Annual Marshall Business Luncheon Honors City’s Businesses and Volunteers | Business

The Greater Marshall Chamber of Commerce and the Marshall Economic Development Corporation hosted their annual business luncheon and expo on Thursday, presenting seven awards for local businesses and employees.

“Each year we are so excited to honor those in our community who go above and beyond at work and work hard to make our community a better place,” said Chamber Director Stacia Runnels.

This year’s honorees are divided into seven categories, including Small, Large and Industrial Business of the Year; Employee and Owner of the Year; and the program’s Legacy of the Year Award.

This year’s honorees include Kelsie Hopkins of the Harrison County Farm Living Extension Office for Employee of the Year and Kelli Kirkland of the Harrison County Probation Department for Boss of the Year.

Business recognition for this year’s event also included Austin Bank of Marshall being named Small Business of the Year, Taco Reyes being named Large Business of the Year and Bear Creek Smokehouse being named Industry of the Year.

Nonprofit of the Year was awarded to the Marshall Rotary Club.

This year’s Legacy Award also went to Martha Josey of Josey Ranch. Josey is a world-renowned barrel race champion, and she and her husband RE Josey have won numerous competitions, including placements as Olympians.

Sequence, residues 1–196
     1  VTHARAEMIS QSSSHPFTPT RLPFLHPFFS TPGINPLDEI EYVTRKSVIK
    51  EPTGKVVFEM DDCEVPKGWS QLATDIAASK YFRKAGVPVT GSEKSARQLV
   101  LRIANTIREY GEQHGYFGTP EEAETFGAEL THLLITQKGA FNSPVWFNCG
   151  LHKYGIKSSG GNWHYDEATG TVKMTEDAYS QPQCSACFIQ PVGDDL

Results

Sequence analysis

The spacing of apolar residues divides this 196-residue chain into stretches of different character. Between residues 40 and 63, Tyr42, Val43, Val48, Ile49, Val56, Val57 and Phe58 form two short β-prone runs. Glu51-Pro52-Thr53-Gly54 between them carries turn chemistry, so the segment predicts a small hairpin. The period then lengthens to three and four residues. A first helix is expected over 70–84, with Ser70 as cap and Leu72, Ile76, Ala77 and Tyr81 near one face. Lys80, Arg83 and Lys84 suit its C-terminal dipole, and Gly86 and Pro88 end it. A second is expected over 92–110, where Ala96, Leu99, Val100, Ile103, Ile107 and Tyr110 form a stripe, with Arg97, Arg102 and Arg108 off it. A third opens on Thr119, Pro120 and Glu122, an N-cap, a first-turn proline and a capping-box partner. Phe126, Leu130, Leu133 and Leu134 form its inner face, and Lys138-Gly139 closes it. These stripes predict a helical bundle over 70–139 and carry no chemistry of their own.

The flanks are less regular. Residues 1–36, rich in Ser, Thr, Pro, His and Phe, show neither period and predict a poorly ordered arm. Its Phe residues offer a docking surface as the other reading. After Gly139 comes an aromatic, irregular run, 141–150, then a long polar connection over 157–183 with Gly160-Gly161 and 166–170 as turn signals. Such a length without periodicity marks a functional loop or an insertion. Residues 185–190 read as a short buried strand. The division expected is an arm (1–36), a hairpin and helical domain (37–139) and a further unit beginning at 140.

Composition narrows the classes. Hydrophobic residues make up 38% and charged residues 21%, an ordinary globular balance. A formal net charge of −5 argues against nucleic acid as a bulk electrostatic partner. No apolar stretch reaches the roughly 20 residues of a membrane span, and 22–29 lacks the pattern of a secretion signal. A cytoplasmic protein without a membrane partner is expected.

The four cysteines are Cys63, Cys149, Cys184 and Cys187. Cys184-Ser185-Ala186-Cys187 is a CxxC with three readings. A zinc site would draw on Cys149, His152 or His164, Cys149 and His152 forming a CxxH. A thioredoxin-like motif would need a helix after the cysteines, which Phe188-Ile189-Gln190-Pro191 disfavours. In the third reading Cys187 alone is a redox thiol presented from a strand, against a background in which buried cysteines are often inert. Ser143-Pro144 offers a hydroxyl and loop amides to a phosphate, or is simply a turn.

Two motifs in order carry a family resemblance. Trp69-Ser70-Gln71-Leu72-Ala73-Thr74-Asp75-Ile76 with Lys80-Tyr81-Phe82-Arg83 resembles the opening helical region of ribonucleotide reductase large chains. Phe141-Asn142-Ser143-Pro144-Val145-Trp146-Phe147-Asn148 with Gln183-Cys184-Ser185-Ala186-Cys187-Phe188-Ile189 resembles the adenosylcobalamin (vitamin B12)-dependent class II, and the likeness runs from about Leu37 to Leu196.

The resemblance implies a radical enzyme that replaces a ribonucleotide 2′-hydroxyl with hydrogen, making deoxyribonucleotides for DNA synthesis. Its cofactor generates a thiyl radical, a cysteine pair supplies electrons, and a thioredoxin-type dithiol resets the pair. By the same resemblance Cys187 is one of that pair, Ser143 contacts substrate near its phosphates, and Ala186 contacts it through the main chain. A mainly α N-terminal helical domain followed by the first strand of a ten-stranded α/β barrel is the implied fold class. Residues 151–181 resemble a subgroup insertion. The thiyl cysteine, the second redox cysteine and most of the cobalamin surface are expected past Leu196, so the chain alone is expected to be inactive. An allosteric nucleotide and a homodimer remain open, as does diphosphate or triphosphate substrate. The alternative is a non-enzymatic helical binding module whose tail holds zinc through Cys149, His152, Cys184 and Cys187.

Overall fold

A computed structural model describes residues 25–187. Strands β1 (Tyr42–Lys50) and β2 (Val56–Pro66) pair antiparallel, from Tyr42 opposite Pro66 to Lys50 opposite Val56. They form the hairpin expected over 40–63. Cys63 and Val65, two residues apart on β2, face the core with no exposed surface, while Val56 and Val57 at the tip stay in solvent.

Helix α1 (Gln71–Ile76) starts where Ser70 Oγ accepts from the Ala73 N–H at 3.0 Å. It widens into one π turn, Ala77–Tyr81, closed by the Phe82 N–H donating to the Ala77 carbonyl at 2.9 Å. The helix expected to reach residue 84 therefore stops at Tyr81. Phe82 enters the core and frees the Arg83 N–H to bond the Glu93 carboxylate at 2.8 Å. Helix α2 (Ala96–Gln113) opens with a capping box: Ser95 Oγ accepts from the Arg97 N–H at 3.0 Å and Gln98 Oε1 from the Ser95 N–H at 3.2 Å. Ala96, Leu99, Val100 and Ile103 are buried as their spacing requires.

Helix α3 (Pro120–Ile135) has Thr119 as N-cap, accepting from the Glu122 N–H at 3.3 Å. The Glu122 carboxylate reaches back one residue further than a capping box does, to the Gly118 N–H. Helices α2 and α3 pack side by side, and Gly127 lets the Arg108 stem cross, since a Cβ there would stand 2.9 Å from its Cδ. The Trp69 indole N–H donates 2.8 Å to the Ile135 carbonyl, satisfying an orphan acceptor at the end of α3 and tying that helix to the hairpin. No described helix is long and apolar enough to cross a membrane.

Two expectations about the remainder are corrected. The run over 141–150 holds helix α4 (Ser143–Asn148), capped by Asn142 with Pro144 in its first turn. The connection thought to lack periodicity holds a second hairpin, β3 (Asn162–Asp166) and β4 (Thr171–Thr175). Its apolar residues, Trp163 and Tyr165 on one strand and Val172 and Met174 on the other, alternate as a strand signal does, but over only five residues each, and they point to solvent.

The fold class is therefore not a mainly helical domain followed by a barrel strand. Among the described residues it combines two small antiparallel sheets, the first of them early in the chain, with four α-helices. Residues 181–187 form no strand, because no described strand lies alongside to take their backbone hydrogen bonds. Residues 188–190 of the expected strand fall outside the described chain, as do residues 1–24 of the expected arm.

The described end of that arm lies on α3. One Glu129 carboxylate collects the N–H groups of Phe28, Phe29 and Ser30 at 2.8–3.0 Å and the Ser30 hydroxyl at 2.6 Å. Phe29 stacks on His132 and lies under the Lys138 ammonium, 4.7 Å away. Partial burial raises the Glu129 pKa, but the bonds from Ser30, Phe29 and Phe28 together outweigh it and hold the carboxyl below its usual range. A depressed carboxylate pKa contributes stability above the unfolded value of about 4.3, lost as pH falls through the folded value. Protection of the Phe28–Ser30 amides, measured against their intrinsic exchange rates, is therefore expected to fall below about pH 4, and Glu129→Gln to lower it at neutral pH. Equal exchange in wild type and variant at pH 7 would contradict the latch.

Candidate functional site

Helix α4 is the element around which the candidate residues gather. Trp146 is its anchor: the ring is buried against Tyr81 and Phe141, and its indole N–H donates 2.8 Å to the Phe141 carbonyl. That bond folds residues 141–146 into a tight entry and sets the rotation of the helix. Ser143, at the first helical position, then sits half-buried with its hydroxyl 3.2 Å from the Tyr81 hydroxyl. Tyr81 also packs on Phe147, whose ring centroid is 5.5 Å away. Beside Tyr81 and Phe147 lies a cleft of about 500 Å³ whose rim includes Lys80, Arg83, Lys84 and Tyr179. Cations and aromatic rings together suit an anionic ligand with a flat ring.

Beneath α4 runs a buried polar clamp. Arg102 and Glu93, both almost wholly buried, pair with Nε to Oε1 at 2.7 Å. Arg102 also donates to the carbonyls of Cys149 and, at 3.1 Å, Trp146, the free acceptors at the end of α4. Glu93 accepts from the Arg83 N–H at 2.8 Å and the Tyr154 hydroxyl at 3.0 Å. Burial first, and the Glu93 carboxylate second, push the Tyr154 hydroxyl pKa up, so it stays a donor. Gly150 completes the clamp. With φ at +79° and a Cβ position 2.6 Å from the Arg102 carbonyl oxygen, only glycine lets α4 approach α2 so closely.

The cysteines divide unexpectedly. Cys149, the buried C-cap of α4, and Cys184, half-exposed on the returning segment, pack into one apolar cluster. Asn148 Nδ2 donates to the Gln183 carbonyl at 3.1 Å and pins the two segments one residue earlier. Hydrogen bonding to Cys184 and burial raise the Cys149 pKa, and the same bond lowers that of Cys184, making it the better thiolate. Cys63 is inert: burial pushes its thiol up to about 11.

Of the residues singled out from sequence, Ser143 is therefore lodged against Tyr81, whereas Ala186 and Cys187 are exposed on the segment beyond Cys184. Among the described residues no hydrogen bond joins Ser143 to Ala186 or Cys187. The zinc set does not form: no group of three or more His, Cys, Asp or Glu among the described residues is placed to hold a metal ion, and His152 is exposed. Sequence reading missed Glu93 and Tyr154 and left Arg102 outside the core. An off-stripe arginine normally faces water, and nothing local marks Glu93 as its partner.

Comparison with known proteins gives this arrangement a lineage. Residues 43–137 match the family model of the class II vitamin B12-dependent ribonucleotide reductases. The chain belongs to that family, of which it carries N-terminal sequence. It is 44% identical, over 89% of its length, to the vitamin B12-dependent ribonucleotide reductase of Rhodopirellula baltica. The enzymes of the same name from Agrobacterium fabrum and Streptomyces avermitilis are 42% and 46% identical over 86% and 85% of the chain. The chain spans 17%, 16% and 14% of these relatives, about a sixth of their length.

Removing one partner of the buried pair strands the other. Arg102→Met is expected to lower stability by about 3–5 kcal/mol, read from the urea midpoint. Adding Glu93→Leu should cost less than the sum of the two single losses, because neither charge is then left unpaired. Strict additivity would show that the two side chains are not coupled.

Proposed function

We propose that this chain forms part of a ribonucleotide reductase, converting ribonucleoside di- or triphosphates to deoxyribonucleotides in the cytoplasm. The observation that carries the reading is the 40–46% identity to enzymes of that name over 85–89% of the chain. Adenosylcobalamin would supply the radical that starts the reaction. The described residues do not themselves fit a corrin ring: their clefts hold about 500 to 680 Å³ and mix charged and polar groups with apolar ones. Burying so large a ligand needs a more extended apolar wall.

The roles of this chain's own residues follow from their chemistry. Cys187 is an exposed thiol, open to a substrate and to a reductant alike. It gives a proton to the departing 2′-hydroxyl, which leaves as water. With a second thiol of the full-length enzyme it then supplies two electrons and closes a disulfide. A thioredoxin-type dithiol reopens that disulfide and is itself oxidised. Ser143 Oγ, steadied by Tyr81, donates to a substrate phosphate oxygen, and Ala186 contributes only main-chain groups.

The couple also runs Josey Ranch, the oldest and oldest rodeo school in the world in Marshall, where they have spent decades training the next generation of barrel racing champions.

“Martha Josey is a true legacy and we are proud to be here today to honor her,” Runnels said.

During Thursday’s event, community members also heard from MEDCO Director Rush Harris and Harrison County Judge Chad Sims.

“It’s going well,” Harris said, “and it’s a community that’s bouncing back.”

Harris discussed the work MEDCO has been doing over the past year, including the grants and other incentive programs they created to encourage new business and industry opportunities in Marshall.

He also discussed the need for workforce training, emphasizing that there are currently more Marshall jobs than jobs for qualified people.

Sims also discussed the progress the county has made in the last year, encouraging community members to be kind to one another.

“Our county is doing great, and I can tell you we’re doing fine,” Sims said. “How do we keep it going? In kind words.

Jose Tequila’s hosted Thursday’s lunch event. The Chamber of Commerce and MEDCO participate in the annual fair along with dozens of other local businesses and nonprofits.

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